Leah began to get that along the way. When Judah was born in Genesis 29:35, she says, “Now will I praise the Lord.” The sad reality was, this relationship between Leah and Jacob never sizzled. But something did begin to happen in Leah’s character to win Jacob over. As you get to the end of this saga in Genesis 49:29-31, we find Jacob is an old widower. He has outlived both Leah and Rachel. His last recorded request is to be buried next to Leah. At death, Jacob made his last pledge of love to weak-eyed Leah, not the beautiful Rachel. In the end, Leah’s character, not her curves, won Jacob’s respect—and his heart.

The truth is, most likely we will never change the way sin-tainted people assign value to us. In the eyes of some, worth may continue to evade us. No matter what, “in the morning we will still be Leah.” But when we make God our primary source of love, acceptance, and affection, he can satisfy those deep longings.

While cultural standards of worth apart from Christ continually change—God’s standards don’t. He always finds you worthy of his love. So, while human love and value are wonderful, make God your first and primary source of significance. If you are looking to find fulfillment in another person, every relationship will be a desperate, never-ending search for another to complete you. Only God should occupy that role—and only he can meet that need!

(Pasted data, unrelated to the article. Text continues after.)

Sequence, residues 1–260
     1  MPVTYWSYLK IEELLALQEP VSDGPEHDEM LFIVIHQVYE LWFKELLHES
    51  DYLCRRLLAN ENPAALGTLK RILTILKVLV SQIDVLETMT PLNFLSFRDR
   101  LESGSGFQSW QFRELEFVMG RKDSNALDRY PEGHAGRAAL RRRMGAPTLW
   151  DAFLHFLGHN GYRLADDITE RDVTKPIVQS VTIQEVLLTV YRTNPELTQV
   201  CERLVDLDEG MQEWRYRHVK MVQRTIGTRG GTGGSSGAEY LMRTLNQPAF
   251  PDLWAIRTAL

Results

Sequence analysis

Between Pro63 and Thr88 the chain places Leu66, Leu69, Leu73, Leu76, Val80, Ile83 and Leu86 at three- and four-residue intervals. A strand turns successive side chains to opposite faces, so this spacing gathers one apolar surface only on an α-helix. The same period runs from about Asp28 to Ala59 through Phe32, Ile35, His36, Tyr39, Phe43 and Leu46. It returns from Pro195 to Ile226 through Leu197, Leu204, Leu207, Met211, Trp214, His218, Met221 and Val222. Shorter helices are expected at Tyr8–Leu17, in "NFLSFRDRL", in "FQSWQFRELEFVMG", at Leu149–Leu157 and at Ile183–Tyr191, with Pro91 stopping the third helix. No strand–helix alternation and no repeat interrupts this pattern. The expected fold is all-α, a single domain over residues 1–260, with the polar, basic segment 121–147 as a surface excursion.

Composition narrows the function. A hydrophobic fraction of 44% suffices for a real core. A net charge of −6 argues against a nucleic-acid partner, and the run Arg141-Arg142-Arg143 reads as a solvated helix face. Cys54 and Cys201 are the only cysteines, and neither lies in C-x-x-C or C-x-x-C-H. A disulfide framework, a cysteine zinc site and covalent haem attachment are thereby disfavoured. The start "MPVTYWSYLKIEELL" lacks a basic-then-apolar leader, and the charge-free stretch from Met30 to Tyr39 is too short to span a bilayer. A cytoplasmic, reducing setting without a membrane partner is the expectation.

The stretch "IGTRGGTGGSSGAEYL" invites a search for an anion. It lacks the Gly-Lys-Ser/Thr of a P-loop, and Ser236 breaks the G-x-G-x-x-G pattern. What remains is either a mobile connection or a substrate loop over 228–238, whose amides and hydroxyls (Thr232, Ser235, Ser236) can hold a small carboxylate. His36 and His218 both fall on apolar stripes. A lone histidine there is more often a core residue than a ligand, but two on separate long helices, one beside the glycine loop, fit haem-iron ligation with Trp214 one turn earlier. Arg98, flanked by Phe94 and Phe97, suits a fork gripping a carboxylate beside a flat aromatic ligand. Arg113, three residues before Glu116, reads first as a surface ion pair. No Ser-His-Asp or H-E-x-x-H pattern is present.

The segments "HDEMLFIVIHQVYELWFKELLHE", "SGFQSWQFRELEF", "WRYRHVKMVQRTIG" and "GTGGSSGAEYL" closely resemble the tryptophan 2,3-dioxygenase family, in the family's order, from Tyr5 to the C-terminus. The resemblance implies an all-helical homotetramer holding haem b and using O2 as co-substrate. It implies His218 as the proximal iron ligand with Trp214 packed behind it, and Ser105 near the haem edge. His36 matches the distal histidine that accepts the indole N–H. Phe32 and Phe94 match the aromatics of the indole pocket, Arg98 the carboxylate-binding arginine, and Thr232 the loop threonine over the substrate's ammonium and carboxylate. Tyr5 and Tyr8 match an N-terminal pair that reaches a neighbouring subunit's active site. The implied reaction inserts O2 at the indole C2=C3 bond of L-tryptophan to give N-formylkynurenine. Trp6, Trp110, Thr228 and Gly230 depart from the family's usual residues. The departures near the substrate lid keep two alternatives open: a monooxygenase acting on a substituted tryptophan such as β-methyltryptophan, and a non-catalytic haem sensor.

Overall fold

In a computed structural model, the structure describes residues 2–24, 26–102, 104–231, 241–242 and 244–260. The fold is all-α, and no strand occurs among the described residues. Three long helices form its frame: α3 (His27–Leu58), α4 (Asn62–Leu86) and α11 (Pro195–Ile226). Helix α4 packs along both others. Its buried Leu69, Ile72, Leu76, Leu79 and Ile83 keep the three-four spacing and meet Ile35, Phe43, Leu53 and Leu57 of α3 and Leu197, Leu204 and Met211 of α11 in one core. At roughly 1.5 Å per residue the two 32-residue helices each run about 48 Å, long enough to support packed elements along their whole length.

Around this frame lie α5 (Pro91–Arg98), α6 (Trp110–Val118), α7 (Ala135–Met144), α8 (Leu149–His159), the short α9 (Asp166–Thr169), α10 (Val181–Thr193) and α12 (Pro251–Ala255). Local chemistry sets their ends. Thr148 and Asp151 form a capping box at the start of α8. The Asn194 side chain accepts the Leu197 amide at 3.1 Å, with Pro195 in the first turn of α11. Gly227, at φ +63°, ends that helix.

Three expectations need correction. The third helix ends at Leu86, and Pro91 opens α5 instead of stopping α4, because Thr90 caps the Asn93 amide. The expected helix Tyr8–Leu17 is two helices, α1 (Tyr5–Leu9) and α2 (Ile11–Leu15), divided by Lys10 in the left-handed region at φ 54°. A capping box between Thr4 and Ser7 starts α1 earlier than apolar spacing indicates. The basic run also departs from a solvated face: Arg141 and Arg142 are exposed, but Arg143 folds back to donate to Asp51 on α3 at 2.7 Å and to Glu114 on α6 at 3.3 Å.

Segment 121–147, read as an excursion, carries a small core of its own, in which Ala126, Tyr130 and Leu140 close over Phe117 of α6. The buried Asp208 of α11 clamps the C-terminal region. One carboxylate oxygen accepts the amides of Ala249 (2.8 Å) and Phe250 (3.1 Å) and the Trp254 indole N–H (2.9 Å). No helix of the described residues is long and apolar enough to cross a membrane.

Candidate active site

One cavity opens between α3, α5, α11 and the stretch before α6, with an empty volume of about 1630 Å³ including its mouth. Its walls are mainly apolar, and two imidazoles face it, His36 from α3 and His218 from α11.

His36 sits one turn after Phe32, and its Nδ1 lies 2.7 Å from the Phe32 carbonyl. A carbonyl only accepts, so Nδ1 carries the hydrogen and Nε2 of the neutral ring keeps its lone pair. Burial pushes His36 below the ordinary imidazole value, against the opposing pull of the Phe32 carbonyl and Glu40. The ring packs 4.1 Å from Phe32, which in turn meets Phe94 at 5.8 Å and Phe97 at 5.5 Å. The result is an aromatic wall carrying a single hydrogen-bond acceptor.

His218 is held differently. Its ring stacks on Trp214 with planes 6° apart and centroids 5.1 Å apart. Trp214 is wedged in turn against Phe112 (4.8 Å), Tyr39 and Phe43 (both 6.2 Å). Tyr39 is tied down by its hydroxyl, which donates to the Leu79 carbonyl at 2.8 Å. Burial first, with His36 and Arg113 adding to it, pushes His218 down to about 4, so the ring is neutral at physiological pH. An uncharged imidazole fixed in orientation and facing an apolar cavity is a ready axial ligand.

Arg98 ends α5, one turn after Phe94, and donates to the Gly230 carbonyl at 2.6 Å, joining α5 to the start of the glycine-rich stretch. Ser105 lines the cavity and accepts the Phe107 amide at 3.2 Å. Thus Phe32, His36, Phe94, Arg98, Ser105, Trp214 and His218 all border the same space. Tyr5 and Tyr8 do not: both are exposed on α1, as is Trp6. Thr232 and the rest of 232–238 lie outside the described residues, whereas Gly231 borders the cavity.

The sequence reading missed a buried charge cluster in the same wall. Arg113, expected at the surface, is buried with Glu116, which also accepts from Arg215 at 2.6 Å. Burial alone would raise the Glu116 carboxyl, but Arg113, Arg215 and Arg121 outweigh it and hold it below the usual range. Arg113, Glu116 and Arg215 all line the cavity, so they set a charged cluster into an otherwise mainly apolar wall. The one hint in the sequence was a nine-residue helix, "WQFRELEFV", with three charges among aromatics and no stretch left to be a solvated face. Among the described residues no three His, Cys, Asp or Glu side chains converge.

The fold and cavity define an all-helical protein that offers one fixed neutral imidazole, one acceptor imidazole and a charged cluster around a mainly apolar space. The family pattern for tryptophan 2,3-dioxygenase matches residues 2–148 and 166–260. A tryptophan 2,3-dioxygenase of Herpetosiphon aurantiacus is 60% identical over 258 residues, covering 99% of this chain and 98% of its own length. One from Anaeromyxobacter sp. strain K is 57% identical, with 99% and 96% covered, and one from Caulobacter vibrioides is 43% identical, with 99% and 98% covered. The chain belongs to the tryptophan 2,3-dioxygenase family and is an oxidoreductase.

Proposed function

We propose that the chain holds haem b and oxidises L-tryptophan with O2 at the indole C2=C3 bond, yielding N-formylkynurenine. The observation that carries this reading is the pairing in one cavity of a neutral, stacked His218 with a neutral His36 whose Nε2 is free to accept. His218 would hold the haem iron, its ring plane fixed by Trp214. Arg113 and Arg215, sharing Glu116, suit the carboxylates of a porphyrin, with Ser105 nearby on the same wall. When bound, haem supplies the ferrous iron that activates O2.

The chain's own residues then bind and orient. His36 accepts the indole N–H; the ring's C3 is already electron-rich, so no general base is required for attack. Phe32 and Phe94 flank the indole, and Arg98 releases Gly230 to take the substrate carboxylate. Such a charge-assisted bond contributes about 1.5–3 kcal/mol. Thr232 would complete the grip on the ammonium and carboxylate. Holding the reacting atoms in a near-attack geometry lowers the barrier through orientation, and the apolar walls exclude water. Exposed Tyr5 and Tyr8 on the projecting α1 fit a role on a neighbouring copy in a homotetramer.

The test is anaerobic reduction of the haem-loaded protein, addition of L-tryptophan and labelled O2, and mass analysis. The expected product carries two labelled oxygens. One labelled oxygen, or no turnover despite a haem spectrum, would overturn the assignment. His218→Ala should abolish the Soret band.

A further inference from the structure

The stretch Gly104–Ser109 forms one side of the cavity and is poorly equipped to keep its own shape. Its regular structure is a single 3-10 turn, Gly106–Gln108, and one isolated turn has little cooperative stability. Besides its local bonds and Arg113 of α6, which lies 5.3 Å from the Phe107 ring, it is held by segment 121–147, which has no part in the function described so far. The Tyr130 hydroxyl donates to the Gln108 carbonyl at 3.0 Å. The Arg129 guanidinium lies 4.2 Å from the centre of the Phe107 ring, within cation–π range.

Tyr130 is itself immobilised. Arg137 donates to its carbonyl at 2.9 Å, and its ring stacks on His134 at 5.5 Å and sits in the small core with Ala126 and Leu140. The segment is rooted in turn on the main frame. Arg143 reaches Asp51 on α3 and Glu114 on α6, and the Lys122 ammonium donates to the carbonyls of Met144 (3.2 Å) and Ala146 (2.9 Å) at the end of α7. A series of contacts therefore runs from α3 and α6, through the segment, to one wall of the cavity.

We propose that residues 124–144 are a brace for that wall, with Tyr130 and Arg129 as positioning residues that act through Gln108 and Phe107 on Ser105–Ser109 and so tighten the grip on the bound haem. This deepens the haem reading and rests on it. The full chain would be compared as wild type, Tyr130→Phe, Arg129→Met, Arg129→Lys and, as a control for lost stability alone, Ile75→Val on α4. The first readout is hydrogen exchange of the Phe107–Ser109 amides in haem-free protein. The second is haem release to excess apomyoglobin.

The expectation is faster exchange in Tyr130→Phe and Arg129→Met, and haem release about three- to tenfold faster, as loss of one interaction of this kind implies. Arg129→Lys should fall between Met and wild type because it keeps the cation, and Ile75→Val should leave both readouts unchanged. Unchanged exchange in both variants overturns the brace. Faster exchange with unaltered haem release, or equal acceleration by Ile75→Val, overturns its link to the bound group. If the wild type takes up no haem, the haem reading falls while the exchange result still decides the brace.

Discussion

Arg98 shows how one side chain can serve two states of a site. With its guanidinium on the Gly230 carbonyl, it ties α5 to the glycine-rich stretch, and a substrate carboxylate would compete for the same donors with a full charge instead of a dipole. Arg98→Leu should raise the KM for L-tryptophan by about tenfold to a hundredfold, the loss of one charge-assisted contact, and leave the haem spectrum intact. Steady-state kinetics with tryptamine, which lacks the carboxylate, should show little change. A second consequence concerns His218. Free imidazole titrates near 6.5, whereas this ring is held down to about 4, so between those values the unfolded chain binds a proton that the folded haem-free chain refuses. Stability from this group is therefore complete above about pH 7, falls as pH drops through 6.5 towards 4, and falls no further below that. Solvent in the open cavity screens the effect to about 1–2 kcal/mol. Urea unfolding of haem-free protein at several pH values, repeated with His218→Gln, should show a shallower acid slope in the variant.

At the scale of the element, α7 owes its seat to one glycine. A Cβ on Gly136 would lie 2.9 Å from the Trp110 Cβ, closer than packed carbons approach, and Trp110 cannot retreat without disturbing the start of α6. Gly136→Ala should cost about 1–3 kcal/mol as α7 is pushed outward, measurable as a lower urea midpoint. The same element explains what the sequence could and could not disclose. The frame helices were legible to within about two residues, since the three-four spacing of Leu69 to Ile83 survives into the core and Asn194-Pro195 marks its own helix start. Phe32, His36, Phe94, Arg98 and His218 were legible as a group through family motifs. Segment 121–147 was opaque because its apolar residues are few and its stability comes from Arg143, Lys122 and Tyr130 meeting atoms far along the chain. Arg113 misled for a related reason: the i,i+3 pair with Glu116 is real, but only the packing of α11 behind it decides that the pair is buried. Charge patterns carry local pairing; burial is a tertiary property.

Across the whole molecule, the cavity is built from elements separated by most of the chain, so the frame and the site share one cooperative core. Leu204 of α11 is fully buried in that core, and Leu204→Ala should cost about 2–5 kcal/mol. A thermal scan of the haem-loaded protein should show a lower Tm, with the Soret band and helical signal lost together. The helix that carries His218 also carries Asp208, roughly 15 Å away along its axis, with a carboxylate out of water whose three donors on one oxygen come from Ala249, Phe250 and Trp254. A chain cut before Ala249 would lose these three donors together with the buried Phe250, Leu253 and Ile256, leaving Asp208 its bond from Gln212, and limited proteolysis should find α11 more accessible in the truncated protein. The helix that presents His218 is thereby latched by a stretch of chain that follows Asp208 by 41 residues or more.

God loves you! So much so that he sent his Son to die to redeem you, and you are his forever. Now that must mean you are something incredibly special. Never forget that.

Going Deeper: Take some time today to just soak in God’s love for you. I am not sure how you can do that, but in your own way, give him a chance to reveal just how special you are to him.

A Moment of Clarity

Keep Your Eye on the Prize

PREVIEW: We sometimes look at how the rich and famous live, and we envy them. Maybe we think, “Am I missing something? How come living the righteous life doesn’t bring those kinds of rewards?” After all, shouldn’t doing the right thing, living the holy life, and doing our best to honor God have some payoffs here and now? Perhaps you should do what the psalmist did to cure his bout with envy: Go into God’s sanctuary and there understand the destiny of the wicked. And remember: this earth is not your true home. You’re not home yet. Heaven is where you are headed, and my friend, it is no consolation prize. It is the grand prize for faithful living.

A Moment of Clarity - Ray Noah

A JOURNEY OF WORSHIP // Psalm 73:2-3,17

But as for me, my feet had almost slipped; I had nearly lost my foothold. For I envied the arrogant when I saw the prosperity of the wicked… Then I went into your sanctuary, O God, and I finally understood the destiny of the wicked.